Career Change

How To Break Up With Your Boss Without Burning Bridges

How To Break Up With Your Boss Without Burning Bridges

All good things must come to an end. This is especially true for today’s job seekers. The age of golden watches and working for the same company for 30 or 40 years is behind us. Instead, we jump around. Related:5 Things To Avoid When Breaking Up With Your Boss According to the most recent data from the Bureau of Labor Statistics, the average worker stays at each of his or her jobs for 4.4 years. Over the last few years, confidence in the US jobs markets has slowly improved, and more Americans feel they can find a better job. There are also more employment choices than ever before, including new fields like renewable energy and mobile technology. And the younger generation refuses to play by the rules. In a quest to find their purpose, Generation Y is turning away from large and profitable corporations to find their passion. There are countless reasons why now is the right time to leave your job, but say good-bye gracefully. Always remember the golden rule of leaving any employer: Don’t burn bridges. Here are a few strategies on how to break up with your boss, the right way.

Plan Your Promotion

Bigger and better things lie ahead, but it’s more than simply knowing what’s next. You need a roadmap to get you there. That’s why I created a FREE ebook to help you plan your exit Before You Quit Your Job. It’s important you set your resignation in motion by working backwards. If you see yourself at the next level of your career, what steps will take you there? Plan accordingly.

Hire Your Replacement

You matter, and your company will never be the same without you. While you can’t stay, you can leave behind a legacy that includes training a replacement. Take the time to write a job description and begin screening candidates. Create a jumpstart document that includes internal resources, key contacts and best practices for excelling on day one. Most importantly, act as an advisor and mentor. You have a wealth knowledge that might surprise even you. You will not have enough time to share everything and experience is the best teacher, but you can cut the learning curve. Schools in session and you’re the teacher. What lessons will you prepare?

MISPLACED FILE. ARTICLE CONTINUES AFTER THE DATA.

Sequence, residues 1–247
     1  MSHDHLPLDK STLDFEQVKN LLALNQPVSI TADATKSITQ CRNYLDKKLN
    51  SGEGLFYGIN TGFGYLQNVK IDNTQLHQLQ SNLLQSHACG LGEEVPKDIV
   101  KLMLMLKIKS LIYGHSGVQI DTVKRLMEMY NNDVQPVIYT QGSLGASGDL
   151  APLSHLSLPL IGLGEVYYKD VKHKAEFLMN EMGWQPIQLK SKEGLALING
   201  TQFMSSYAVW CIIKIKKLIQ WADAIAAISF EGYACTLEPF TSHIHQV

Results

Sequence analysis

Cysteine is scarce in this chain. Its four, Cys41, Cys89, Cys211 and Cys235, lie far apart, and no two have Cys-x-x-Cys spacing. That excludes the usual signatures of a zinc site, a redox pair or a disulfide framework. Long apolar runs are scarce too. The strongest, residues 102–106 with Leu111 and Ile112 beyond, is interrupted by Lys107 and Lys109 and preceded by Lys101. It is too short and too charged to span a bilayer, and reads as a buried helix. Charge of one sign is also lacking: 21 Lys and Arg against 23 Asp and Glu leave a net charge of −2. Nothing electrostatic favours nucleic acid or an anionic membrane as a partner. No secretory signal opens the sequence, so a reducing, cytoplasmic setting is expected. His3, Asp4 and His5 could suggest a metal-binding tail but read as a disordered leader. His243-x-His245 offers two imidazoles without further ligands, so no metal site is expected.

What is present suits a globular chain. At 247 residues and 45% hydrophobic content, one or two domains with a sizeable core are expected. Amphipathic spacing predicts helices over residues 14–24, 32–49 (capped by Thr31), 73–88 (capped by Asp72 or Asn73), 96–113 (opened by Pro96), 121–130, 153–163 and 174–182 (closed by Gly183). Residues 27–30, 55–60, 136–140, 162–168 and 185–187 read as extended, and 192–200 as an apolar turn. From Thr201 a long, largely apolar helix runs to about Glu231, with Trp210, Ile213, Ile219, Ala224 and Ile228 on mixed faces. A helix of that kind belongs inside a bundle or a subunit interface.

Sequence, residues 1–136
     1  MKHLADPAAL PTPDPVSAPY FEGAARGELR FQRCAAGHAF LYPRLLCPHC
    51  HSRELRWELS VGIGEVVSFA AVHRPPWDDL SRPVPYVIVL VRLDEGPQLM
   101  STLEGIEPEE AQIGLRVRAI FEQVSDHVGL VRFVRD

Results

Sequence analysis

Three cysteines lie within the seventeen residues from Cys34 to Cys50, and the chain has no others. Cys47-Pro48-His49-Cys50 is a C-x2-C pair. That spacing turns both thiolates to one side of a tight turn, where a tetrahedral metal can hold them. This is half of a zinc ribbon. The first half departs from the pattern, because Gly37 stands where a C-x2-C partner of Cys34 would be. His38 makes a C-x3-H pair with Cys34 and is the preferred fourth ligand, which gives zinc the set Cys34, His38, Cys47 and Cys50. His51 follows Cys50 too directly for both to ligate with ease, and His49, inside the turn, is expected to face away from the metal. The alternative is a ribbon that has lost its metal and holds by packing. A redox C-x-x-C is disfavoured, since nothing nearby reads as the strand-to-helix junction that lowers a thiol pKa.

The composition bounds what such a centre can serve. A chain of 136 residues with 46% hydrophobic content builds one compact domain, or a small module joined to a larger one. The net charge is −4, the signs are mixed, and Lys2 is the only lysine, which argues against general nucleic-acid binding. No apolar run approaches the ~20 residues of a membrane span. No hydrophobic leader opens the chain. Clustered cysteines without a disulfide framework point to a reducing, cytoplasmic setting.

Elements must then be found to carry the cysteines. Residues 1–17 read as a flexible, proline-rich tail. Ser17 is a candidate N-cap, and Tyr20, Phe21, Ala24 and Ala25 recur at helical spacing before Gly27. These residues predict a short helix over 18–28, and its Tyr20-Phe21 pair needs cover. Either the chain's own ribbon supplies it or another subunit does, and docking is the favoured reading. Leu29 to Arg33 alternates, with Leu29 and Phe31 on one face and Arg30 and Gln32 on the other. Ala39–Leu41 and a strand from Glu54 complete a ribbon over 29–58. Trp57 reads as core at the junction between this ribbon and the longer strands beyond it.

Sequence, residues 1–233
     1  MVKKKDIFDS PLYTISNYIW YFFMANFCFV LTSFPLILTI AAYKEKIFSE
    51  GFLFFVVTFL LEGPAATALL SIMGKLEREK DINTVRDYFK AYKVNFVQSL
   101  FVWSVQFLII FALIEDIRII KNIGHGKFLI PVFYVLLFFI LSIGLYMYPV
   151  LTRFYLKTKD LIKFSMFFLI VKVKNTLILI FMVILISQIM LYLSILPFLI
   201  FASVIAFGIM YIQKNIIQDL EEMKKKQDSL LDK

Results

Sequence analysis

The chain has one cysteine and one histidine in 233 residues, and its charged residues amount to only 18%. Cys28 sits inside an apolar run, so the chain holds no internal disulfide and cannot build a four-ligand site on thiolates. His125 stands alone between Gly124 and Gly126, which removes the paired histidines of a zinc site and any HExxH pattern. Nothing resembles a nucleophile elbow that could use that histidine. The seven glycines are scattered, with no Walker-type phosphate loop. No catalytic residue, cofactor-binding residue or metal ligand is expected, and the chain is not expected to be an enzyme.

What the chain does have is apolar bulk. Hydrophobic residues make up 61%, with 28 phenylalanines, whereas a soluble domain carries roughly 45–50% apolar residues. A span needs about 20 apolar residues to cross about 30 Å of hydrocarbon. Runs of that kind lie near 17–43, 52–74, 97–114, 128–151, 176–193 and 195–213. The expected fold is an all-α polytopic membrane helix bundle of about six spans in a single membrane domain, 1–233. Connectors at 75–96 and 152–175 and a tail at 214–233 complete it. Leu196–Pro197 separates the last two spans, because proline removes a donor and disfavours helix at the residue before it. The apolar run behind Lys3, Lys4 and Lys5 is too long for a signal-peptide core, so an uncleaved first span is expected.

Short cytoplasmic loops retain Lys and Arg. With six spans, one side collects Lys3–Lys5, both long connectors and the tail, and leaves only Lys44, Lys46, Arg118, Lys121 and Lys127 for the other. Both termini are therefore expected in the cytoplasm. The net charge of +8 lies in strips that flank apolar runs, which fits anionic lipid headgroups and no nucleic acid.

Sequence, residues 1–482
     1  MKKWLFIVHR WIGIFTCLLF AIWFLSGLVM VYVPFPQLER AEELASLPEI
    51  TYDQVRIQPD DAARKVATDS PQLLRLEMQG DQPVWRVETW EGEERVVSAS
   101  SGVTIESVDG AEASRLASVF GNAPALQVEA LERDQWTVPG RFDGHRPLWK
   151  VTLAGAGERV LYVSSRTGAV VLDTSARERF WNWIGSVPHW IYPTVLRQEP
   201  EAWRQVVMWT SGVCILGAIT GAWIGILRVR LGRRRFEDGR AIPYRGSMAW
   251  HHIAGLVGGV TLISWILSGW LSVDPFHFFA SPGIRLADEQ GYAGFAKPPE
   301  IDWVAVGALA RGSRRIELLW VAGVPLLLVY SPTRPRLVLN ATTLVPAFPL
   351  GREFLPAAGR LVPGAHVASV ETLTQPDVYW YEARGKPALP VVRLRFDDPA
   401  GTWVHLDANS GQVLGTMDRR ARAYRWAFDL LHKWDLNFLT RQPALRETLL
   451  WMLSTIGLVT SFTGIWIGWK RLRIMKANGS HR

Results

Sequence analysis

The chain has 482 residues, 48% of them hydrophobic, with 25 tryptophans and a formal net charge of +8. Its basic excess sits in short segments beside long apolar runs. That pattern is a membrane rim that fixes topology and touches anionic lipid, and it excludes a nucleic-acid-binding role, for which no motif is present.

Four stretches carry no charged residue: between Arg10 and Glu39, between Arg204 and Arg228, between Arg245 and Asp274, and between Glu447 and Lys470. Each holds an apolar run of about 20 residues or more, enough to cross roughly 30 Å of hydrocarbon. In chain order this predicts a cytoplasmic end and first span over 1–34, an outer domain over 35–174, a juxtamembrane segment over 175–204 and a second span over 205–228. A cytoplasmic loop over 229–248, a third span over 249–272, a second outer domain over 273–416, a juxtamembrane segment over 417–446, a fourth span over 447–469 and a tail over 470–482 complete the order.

Close Up Shop

Two weeks notice is customary, but it’s never enough time. Depending on the time of year, you could be spread especially thin. The end of the year and each of each quarter are the busiest times for most businesses, and they just happen to be the period of time when most people transition roles. Regardless of when you leave, finish your outstanding work. No one knows your sphere of influence like you do, and it would prove impossible for most people to pick up where you left off. Don’t assume that your work no longer bears any significance. Quickly complete any open projects, and leave instructions for anything you can’t finish.

Exit Honestly

Constructive feedback is crucial to improving company culture and individual performance. In most instances, you will have the chance to share your experiences in an exit interview. Without talking badly about the company or sharing how you really feel about certain people, be candid. Honest feedback is a sign that you still care about the future of your employer. Prepare observations beforehand, and include examples and suggestions for improvement. Up and until the very end, it’s important to show you’re still acting in the company’s best interest. Few things matter more than a simple ‘thank you.’ Take the time to to say farewell to your boss and colleagues, and offer your gratitude for the experience. What’s around the corner is new and exciting, and you will be ready. The first step is creating an achievable action plan based on a number of considerations, from family to finances. That’s why I created a FREE ebook to help you plan your exit Before You Quit Your Job. Let the planning begin! This post was originally published on an earlier date.

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